Contempt: Italissima “big mess” at Vinexpo in Bordeaux

Above: Produced by Carlo Ponti, Jean-Luc Godard’s 1963 Contempt, based on Alberto Moravia’s novel, Il Disprezzo, was an Italian and French co-production. The results were decidedly better than last week’s Italissima at Vinexpo in Bordeaux.

It would have been enough that Franco rightly chastised his French counterpart and longtime sparring partner Michel Bettane for the selection of Bordeaux-inspired Italian wines to be presented in Bettane’s seminars at last week’s Italissima, a would-be Italian wine fair held in Bordeaux in conjunction with but with no official affiliation to Vinexpo, the annual see-and-be-seen French wine trade fair.

“Instead of calling it, ‘Italissima, the Italy that you love,’” wrote Franco, “they should have called it ‘Italissima, the Italy that they love,” where the ‘they’ stands for presumptuous French critics who do not know the real Italy of wine. In fact, they don’t understand it at all and they wouldn’t understand even if they seriously tried to study it…”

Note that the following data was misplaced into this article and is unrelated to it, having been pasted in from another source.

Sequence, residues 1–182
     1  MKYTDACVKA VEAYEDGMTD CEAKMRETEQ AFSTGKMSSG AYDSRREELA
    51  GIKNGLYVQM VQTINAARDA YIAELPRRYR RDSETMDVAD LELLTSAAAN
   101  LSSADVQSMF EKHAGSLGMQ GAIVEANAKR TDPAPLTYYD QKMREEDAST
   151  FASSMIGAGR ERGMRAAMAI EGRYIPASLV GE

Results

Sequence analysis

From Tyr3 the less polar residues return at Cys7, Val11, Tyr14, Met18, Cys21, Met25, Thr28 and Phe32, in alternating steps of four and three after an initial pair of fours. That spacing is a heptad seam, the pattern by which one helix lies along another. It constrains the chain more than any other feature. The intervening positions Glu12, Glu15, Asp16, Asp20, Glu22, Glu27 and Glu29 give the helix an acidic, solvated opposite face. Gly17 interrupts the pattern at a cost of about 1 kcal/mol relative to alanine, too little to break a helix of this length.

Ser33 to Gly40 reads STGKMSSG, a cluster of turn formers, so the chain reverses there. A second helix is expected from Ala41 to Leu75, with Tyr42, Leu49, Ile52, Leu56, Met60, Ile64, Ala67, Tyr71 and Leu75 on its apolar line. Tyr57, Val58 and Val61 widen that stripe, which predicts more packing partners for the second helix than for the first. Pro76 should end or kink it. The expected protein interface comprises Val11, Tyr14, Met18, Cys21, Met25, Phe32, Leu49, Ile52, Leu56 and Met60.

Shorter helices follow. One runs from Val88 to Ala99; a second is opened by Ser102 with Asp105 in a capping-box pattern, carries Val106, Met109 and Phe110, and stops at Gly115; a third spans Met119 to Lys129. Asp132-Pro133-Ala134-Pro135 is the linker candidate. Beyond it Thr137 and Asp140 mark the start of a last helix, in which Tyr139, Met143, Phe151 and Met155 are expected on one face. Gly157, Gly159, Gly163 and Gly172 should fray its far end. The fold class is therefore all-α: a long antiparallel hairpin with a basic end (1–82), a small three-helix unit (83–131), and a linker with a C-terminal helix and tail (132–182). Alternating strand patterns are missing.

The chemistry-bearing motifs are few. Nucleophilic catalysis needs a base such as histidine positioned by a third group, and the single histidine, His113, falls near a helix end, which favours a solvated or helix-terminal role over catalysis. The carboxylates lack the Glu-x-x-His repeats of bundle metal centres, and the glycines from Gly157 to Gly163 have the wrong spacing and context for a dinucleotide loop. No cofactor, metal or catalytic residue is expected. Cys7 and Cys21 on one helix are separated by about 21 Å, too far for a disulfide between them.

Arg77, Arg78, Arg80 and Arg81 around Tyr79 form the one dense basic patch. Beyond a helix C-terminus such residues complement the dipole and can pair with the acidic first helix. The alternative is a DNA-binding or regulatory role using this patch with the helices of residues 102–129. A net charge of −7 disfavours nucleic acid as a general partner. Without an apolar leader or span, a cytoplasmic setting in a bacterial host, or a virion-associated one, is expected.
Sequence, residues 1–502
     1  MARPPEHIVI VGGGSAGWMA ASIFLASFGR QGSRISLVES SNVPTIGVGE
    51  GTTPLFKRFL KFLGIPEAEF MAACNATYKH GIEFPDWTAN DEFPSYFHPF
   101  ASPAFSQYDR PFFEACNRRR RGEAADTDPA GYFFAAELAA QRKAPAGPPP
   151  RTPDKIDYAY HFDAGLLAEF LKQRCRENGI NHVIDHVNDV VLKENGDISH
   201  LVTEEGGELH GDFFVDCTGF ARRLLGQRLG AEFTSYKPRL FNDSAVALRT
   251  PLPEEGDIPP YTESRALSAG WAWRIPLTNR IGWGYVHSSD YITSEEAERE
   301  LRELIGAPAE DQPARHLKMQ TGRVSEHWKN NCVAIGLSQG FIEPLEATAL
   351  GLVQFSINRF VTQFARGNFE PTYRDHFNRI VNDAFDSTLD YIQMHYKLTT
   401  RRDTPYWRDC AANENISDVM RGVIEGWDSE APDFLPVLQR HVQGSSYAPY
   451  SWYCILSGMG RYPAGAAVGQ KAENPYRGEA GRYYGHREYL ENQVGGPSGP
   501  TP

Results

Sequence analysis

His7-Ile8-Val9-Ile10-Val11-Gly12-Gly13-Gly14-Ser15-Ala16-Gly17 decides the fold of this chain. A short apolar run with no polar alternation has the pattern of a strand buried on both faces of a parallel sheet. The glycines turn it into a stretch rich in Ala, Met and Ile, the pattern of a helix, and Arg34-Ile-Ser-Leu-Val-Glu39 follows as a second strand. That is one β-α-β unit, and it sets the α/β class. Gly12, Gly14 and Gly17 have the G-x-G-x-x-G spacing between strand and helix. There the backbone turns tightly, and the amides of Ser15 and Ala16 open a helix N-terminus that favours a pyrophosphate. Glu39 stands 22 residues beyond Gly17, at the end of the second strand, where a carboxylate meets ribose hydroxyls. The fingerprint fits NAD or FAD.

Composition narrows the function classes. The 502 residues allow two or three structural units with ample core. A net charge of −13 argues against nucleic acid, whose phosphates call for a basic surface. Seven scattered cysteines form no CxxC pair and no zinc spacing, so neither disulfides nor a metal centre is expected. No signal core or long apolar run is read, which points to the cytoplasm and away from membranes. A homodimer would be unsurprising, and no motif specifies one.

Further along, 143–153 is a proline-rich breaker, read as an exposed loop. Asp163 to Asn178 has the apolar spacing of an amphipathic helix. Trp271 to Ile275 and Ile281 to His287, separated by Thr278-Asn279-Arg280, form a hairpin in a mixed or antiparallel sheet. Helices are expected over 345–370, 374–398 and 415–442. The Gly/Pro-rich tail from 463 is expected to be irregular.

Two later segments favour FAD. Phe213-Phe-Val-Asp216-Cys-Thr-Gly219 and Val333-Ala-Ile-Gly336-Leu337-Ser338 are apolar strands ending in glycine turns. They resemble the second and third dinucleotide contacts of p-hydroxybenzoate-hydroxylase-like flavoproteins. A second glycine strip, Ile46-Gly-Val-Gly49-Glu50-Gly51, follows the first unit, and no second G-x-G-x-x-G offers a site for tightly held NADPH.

Wouldn’t the French be offended, asked one commenter to Franco’s post rhetorically, if Italians were to present French wines made with Italian varieties as authentically French?

But making matters worse was a slew of reports and blog posts about how Italissima participants were left sadly disappointed by lackluster turnout and poor organization. One Italian blogger called it a pasticciaccio brutto, borrowing from the title of Gadda’s 1957 novel Quer pasticciaccio brutto de via Merulano written in Roman dialect (That Awful Mess on Via Merulana).

Adding insult to injury, the French daily Sud Ouest called the event the “pavillion de la discorde,” a “monster,” and a case of “parasitism,” where the organizers were trying illicitly trying to piggy back on the exposure of Vinexpo just 200 meters down the road.

There was an even a report of wine destined for Italissima being hidden by Vinexpo organizers and a claim by the Italissima organizer that she had been attacked by one of the Vinexpo organizers.

Some of the greatest movies ever made were the French and Italian co-productions of the 1960s, like Godard’s Contempt. Maybe it’s best if dreamers of French and Italian partnership stick to movie-making.